Extreme weather events increase with global temperature increase - in all regions. The 'burning embers' illustration is how the scientists expect extreme weather events to increase.
Today's global average temperature increase is O.8° C.
Today's absolute temperature increase commitment is 1.6° C due to the heat lag from the oceans.
The illustration opposite shows this situation of climate change commitment to reductions of crop yields.
Most scientists say we already committed to an increase of above 2°C.
Recent publisihed science puts our commitment today as high as 2.4° C (Ramanthan, Feng PNAS 2008).
So if a policy maker wanted to avoid exposing all the agriculture of future generations to a global average temperature increase of 2°C (for example), calculating this from the climate crop model results for 2°C will not work for the food security of all future generations.
The policy will have to be based on preventing a temperature increase of 1.0°C.
This is not being considered.
The graph opposite is constructed by combining the NRC committed temperature increases (future) at transient or realized temperature increase (today) with the NRC model projected crop yield changes with temperature, CO2 and moisture changes. (NRC Climate Stabilization Targets 2010)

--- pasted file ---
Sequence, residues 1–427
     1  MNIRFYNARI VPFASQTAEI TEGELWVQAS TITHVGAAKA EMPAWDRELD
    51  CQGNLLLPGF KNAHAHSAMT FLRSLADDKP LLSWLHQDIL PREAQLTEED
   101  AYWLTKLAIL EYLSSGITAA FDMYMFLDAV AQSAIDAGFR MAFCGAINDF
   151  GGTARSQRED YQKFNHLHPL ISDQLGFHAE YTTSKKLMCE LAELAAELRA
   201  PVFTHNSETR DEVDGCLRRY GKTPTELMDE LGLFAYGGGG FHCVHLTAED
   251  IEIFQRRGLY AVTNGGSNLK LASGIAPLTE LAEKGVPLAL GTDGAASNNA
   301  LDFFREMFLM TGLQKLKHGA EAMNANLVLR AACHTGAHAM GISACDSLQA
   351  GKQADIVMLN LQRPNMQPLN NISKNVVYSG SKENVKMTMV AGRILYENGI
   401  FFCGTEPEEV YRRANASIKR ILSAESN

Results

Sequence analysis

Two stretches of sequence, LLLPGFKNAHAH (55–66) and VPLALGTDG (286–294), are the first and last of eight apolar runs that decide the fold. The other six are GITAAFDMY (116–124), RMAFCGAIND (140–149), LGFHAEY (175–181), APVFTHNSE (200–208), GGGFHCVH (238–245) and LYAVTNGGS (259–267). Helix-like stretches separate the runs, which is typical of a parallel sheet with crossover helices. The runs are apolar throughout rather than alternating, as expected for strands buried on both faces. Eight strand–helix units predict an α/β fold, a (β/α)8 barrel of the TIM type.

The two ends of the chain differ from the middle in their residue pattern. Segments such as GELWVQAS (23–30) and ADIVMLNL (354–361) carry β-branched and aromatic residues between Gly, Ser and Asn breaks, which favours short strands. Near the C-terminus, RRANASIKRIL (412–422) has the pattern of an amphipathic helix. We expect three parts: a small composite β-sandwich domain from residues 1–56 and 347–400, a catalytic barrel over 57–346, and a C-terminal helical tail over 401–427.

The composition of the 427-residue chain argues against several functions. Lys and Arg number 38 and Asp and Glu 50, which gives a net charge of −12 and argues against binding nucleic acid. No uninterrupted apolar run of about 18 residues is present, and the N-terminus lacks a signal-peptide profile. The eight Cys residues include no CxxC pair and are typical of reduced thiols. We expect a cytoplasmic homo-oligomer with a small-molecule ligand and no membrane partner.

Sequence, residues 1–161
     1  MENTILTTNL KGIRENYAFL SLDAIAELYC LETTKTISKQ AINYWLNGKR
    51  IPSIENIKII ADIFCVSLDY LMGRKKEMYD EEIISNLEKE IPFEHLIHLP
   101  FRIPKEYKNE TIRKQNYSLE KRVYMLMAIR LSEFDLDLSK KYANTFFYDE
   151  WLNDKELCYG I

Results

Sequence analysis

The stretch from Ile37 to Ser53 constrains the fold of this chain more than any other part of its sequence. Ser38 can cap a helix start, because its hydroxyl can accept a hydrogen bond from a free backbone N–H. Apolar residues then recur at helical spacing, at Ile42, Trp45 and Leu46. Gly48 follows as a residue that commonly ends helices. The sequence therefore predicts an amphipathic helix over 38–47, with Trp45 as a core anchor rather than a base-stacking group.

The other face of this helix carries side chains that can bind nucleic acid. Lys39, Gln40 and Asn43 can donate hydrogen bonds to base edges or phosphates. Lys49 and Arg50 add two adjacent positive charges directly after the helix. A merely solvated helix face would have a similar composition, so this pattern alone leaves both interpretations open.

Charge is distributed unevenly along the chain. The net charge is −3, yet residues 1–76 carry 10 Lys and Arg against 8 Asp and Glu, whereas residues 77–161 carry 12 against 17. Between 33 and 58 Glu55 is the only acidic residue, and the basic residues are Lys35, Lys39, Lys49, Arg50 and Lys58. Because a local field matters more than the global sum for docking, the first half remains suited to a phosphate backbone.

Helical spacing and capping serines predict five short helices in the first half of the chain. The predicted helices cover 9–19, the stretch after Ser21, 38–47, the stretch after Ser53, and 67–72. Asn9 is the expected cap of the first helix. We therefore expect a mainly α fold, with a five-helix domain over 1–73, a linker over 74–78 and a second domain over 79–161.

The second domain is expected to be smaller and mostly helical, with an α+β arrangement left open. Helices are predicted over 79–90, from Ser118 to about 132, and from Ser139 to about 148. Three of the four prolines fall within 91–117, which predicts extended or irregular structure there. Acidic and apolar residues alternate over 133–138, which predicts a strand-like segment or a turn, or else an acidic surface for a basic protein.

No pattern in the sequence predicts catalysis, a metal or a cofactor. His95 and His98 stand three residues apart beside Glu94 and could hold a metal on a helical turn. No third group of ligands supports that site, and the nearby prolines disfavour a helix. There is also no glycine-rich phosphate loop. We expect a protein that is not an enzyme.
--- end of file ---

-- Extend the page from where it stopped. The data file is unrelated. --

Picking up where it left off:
The potential CO2 fertilization effect loses effect as global warming increases
Many of these harmful effects will impact on a local or regional crop all together at various times.
Many of them make crops more vulnerable to diseases.
Increasing extreme weather events from global warming and climate change are particularly difficult to predict by modelling and particularly damaging.
In the real world the end result of all the combined and cumulative combination of all the impacts cannot be modelled and is being ignored.
The science of the effect of global climate change on food is based on climate crop model results.
The science of risk and risk assessment should be applied to climate change and food security.
The multiple adverse effects of global warming and climate change on food security is very complex involving many combined additive and cumulative effects - for too many to be captured by climate crop models.
Ground level ozone increases with global warming is toxic to green plants inhibiting photosynthesis. Research has indicated that this effect could be very large as temperatures increase, but it is not captured in the climate crop models.
Policy makers use the climate crop model results of the last assessment of the Intergovernmental Panel on Climate Change (IPCC) for expected climate change impacts,though they are clearly ignoring them). For food security this 2007 assessment is out of date, being based on science up to January 2006. Another 2007 assessment on the topic is by agricultural economist Bill Cline Global Warming and Agriculture Estimates by Country (see Cline). A more up-to-date assessment is provided by the National Research Council's (NRC) 2010 Climate Stabilisation Targets.
The world's top food producing regions are in the Northern hemisphere and central continents, Global warming is faster in the N hemisphere than the south about double now. Warming is faster in central continents regions about double with more global warming.